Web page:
In the time I have, I will focus on the economic powerhouse that is the beauty industry—an industry that employs over 300,000 people across the UK in every town, village and city. In many places, including my own constituency, beauty salons are the lifeblood of the high street. The sector’s success is critical in our economic recovery.
Does my hon. Friend agree that the beauty industry, which contributes billions of pounds to the economy and provides over 370,000 jobs, is no laughing matter, despite the Prime Minister’s frivolous and flippant dismissal of the question when he was asked about it in Prime Minister’s questions last Wednesday?
I wholeheartedly agree with my hon. Friend. Of course, this industry is predominantly run by women, employing women, and yet the beauty sector has seemingly been forgotten. Hairdressers and barbers have been open since the weekend, but the wider beauty sector is left in a deeply uncertain position. The hair, beauty, spa and wellness industries are a highly integrated sector, with many businesses and premises containing both hair and wider beauty services. Allowing only the hair part to open makes many such businesses economically unviable. The Government have already produced the guidelines for the safe reopening of these businesses, so there is no reason for any delay.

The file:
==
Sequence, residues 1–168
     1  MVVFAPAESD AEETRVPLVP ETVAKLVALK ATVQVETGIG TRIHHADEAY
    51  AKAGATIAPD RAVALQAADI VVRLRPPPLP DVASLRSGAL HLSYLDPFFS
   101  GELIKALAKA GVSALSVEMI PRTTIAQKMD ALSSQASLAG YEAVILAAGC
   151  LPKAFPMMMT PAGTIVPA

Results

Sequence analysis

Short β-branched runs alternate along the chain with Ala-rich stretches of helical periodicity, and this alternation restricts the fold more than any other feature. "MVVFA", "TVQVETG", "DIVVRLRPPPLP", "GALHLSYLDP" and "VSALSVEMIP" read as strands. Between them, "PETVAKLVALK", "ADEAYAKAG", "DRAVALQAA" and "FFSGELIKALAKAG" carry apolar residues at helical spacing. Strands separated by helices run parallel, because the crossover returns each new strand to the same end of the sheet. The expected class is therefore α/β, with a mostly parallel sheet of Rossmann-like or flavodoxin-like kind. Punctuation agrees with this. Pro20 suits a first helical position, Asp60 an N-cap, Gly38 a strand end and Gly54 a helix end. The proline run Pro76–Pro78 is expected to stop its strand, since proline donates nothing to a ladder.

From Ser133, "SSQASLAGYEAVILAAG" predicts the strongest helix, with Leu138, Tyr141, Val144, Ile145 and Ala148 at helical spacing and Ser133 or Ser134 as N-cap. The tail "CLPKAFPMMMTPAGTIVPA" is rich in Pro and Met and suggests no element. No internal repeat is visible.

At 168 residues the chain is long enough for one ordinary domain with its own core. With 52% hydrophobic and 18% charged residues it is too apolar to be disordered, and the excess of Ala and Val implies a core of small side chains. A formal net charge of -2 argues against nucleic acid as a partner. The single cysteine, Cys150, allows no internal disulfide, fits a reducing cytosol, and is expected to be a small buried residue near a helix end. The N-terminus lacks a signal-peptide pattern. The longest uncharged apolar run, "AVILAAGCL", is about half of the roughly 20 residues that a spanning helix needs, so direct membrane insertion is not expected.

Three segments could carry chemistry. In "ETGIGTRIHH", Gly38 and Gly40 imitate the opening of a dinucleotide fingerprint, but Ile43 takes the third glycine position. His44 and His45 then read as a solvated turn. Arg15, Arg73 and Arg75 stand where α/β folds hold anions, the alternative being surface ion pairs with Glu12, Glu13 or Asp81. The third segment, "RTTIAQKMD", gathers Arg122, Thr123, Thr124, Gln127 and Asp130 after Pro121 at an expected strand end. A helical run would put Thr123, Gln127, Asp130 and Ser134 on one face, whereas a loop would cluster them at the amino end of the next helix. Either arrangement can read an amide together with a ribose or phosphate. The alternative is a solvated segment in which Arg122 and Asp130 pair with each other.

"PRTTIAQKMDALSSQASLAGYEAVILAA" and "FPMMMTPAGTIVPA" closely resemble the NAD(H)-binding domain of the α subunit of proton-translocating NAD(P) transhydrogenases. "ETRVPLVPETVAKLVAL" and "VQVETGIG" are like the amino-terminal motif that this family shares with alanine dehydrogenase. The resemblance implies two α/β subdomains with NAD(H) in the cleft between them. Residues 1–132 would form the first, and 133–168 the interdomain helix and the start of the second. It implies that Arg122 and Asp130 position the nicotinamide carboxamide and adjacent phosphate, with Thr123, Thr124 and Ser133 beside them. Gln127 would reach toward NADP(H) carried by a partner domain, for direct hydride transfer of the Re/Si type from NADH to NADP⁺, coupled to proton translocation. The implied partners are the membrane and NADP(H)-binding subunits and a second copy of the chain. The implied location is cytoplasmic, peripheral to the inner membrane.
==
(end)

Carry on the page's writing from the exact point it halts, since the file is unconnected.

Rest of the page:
Another industry that has been extremely hard hit in recent months is the wedding and connected hospitality industry, including Pakistan Catering in my constituency. The industry needs guidance as soon as possible on when receptions can resume. Many thousands of jobs in the beauty and hospitality sectors are at risk, and with the Government beginning to wind down the furlough scheme wholesale rather than sector by sector, both sectors need clarity quickly on when they can reopen. I hope the Minister can provide that when he winds up.
Last week, over 200 beauty-related businesses from across the country wrote to the Prime Minister to urge him to provide immediate clarity on when they will be allowed to restart work, and my hon. Friend Carolyn Harris and I wrote to him about the disregard and disrespect with which the industry has been treated in this place. It is not a pink and fluffy industry; it is a sector of highly trained professionals, and, quite frankly, they deserve better. My message is simple: this is no laughing matter. The Government must act now to save jobs in this important industry.
The Department for Business, Energy and Industrial Strategy is at the heart of our post-covid recovery. In my speech, I wish to focus on the repatriation of jobs to Britain, boosting our home-grown manufacturing, capitalising on our region’s rich industrial heritage and levelling up across our great country. Those are urgent priorities, which are integral to BEIS’s efforts to relaunch UK plc post covid and, in doing so, ensure the public are guaranteed the best return for the money that is entrusted to us.